7 FAQs About Snow in the Garden

You’re probably one of two people:

“Winter is a cold, harsh reality. I just need to get through this slog.”

OR

“Winter is so beautiful, I just love seeing how magical it makes a garden look.”

Or maybe you happen to be a third type of person, one dwelling in a blissfully warm climate that never sees snow. No matter which camp you’re in, you might have questions about snow in your garden, especially if it’s rare. So I’ve answered 7 of the most common questions I get in the winter, in this article.

For my fellow winter lovers, I need to show you the overhead views our photographer caught of our trial and display gardens. I love how clear all of the paths are and how bold the tall evergreens look in their groups.

An overview of the Proven Winners ColorChoice trial garden covered in snow.
Overview of a circle shaped garden in the snow.

Soft Serve® Gold False Cypress

This one’s for gardeners with winter woes. The sunny chartreuse foliage on this evergreen is gorgeous year-round, but truly shines when it’s contrasted by the snow! Its beauty won’t be disfigured by deer browsing or burned by the sun or wind.

  • full sun (6+ hours) to part sun (4-6 hours)
  • 6-10 ft. tall and wide
  • USDA zones 4-8 (-30°F/-34.4°C)

Should I do anything to prepare my garden for winter?

Yes, here’s a short list:

– Put a 2-3″ layer of mulch around the base of your plants, but not touching any stems/branches.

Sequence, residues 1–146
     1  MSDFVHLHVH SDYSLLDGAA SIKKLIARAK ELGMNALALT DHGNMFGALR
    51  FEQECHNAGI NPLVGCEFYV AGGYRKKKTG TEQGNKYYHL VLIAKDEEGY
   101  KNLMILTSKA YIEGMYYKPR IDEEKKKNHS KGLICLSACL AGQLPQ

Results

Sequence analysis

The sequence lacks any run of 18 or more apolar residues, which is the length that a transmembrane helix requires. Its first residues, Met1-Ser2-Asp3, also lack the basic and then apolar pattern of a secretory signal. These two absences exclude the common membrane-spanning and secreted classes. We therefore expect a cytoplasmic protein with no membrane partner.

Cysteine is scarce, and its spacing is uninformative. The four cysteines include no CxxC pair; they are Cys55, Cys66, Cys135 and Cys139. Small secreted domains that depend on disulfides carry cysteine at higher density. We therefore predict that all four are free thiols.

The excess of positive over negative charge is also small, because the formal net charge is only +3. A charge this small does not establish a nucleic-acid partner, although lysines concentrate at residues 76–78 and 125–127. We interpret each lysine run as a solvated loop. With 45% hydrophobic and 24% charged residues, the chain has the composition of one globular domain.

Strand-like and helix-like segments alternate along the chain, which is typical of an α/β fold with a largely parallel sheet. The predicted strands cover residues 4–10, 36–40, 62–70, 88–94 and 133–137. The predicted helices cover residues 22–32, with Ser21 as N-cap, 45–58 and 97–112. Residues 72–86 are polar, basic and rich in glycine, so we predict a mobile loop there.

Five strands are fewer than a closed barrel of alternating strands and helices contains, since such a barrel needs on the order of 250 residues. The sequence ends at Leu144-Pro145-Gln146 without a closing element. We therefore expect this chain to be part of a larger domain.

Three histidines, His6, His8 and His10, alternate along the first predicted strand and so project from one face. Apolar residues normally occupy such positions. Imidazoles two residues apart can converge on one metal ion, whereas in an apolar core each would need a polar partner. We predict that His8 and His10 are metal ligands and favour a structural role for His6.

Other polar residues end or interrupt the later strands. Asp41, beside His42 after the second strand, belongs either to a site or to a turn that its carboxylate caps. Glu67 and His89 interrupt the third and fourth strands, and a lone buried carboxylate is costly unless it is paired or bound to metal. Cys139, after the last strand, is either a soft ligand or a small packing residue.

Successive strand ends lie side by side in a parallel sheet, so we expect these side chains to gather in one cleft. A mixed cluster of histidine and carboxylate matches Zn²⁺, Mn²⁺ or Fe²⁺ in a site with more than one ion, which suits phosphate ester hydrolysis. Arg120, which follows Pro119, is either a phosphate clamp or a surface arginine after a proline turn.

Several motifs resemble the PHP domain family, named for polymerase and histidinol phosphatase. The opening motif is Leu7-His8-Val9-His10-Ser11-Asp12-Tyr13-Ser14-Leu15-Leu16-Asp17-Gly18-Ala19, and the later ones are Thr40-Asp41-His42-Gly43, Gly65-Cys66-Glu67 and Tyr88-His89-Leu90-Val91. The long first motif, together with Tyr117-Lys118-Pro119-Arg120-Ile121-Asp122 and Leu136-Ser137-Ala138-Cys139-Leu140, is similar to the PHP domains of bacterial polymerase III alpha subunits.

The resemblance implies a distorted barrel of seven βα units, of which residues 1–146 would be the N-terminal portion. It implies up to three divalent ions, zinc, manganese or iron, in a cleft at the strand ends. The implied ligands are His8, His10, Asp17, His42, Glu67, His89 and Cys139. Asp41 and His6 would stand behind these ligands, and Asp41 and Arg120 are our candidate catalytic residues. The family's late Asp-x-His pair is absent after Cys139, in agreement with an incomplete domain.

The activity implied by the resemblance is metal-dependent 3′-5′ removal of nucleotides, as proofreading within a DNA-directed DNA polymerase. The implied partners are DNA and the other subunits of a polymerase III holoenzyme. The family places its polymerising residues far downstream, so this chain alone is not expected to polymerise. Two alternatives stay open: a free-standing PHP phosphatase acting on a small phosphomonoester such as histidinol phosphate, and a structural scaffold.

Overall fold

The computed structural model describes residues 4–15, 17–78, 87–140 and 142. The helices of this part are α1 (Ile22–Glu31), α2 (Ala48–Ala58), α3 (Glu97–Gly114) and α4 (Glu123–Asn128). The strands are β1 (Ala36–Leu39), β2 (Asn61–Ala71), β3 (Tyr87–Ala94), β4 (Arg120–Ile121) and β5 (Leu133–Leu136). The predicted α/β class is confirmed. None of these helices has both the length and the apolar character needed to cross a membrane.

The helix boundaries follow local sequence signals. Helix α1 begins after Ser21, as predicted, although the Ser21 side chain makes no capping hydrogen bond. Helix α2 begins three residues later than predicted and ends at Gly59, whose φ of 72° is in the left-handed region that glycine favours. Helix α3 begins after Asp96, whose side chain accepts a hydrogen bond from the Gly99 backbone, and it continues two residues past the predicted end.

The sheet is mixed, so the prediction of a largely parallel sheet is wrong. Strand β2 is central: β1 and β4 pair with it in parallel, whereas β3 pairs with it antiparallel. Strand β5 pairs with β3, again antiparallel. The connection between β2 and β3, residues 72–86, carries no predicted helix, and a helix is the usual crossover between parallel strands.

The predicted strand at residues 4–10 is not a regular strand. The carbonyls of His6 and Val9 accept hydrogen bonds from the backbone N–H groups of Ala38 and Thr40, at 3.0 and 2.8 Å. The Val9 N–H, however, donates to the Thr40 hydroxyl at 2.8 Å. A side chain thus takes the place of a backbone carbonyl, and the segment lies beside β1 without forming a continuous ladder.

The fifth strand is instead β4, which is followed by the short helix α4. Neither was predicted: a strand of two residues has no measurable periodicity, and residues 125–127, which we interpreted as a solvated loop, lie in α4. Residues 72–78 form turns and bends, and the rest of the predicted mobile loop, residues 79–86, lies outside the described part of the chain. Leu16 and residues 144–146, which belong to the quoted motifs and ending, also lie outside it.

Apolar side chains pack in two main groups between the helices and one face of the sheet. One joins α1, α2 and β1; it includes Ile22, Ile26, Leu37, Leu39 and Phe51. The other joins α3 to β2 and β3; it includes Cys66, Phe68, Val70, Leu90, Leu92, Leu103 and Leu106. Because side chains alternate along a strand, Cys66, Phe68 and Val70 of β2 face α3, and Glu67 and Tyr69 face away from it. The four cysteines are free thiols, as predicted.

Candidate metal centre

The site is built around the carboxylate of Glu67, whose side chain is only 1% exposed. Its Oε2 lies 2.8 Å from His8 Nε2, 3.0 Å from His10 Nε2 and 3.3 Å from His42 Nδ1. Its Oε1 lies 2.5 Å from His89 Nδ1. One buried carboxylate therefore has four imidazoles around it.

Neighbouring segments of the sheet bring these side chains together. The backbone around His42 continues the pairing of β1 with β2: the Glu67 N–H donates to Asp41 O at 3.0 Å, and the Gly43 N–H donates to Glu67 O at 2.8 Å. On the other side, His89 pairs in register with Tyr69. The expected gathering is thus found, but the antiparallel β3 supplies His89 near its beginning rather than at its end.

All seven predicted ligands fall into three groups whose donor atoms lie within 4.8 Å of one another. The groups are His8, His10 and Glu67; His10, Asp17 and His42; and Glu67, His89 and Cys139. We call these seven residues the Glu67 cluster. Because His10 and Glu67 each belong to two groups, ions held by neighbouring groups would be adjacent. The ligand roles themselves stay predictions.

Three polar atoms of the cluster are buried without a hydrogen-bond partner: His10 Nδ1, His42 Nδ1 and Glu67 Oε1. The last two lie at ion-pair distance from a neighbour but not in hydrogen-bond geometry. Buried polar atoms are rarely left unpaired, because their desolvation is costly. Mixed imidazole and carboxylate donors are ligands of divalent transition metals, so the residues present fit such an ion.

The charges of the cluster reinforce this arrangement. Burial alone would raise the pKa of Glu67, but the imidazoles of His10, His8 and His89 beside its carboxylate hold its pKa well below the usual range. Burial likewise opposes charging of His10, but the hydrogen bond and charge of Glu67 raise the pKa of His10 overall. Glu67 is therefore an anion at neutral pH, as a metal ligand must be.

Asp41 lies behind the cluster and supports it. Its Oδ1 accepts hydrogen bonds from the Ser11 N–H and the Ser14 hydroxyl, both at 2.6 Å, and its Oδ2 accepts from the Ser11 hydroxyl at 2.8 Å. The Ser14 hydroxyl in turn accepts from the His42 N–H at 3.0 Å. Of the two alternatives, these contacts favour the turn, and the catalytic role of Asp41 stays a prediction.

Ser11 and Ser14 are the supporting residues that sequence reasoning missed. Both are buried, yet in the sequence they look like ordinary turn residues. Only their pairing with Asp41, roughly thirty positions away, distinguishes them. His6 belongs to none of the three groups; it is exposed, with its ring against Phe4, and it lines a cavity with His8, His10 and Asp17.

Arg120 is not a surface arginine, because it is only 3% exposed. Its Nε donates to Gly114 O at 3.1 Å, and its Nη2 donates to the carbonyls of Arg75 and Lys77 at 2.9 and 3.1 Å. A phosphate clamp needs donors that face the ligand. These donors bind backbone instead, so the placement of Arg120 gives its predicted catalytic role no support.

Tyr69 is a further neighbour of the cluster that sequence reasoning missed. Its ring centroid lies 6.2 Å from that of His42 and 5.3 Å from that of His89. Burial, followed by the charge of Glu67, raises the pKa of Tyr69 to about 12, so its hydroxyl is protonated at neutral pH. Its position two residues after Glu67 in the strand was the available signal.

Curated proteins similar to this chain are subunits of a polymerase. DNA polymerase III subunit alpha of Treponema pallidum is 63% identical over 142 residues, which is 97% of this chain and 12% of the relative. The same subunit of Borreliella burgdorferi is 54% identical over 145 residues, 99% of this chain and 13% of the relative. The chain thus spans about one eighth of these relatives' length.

– If you haven’t gotten any precipitation lately, water the garden before the ground freezes.
– Protect plants that are susceptible to winter damage.

A gardener points up at a tree.

Laugh! Take 7 seconds to relate with a fellow gardener.

A gardener points to plants while they visit Morton Arboretum.

Join us at the Morton Arboretum where we see 4 lovely shrubs.

Written by
Kristina Howley

Kristina Howley

I am all in when it comes to gardening. Almost every part of the experience delights me – new leaves emerging in spring, pollinators buzzing in summer, birds devouring berries in fall, and the somber beauty of seed heads in winter. Thanks to a background in horticulture and gardening my own clay-filled, flowery USDA zone 5b plot, I’ve learned plenty of practical things as well. I like sharing these joys and lessons with my fellow gardeners and soon-to-be gardeners any way I can.

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